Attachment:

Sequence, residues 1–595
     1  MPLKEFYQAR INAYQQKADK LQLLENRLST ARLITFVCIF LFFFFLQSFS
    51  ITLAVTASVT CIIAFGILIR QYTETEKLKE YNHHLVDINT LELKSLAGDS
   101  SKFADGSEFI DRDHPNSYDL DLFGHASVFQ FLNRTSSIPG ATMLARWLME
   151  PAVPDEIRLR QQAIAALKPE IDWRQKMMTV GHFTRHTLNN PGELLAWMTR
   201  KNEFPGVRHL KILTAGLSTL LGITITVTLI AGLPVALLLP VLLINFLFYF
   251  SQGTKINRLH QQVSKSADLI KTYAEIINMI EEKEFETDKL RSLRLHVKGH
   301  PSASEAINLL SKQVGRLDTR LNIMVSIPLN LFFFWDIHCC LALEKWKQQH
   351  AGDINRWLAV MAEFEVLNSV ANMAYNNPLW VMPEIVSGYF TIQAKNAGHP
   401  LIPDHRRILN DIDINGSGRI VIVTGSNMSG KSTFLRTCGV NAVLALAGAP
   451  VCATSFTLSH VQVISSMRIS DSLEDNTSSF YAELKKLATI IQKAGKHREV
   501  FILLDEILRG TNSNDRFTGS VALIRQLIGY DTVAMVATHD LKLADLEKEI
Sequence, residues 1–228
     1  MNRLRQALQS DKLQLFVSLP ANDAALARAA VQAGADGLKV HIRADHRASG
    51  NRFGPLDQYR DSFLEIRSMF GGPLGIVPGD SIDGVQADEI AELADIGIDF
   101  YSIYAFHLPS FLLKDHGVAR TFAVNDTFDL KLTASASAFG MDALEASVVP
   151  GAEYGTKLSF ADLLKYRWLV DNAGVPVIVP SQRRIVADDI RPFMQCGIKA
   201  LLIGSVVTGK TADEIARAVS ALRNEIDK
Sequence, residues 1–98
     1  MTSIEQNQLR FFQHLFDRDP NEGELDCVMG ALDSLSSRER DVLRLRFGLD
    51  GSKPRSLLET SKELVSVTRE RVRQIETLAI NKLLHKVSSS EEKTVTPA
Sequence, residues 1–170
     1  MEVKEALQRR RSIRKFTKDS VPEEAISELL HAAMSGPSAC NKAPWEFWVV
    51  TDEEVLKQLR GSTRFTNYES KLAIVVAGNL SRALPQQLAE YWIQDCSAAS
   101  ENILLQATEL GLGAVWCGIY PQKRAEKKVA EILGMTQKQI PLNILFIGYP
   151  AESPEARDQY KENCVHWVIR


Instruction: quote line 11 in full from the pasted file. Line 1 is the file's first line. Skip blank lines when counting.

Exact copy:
   451  VCATSFTLSH VQVISSMRIS DSLEDNTSSF YAELKKLATI IQKAGKHREV